Alison Wolf's inferences about gender are fundamentally flawed. Even if there was no genetic basis for difference in ability between the sexes, there would still be differences in social and educational experience that would be reflected in the statistical distributions. In looking to genetics to explain differences, Wolf constructs arguments that could be used to support the genetic superiority of middle-class over working-class students, or white over black students.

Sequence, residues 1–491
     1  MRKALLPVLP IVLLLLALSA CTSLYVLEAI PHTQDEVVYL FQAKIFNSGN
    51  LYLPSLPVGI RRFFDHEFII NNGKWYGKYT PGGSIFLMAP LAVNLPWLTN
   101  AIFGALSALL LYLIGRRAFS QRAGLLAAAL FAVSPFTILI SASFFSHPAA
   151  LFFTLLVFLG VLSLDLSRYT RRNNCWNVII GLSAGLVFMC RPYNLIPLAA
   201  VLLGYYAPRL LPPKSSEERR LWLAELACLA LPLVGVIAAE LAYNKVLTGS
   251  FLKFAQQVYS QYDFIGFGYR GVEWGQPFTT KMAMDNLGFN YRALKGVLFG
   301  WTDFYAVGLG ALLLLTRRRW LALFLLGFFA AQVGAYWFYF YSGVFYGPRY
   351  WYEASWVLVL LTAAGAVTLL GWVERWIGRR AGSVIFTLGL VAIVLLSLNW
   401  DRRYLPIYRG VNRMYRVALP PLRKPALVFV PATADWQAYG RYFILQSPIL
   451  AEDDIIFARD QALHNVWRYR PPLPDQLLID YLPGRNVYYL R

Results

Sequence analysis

Even if gender or race had a real influence on measured ability, the difference between the means of the distributions arising from genetic factors, though it might be non-zero, would be of little relevance to any debate. The fact that the ability distributions overlap over the whole of the ability range is more important.
If it is possible to attain high-level performance in either population through a combination of genes and educational provision, then each population - or genetic pool - has potential.
Professor of applied statistics
University of Greenwich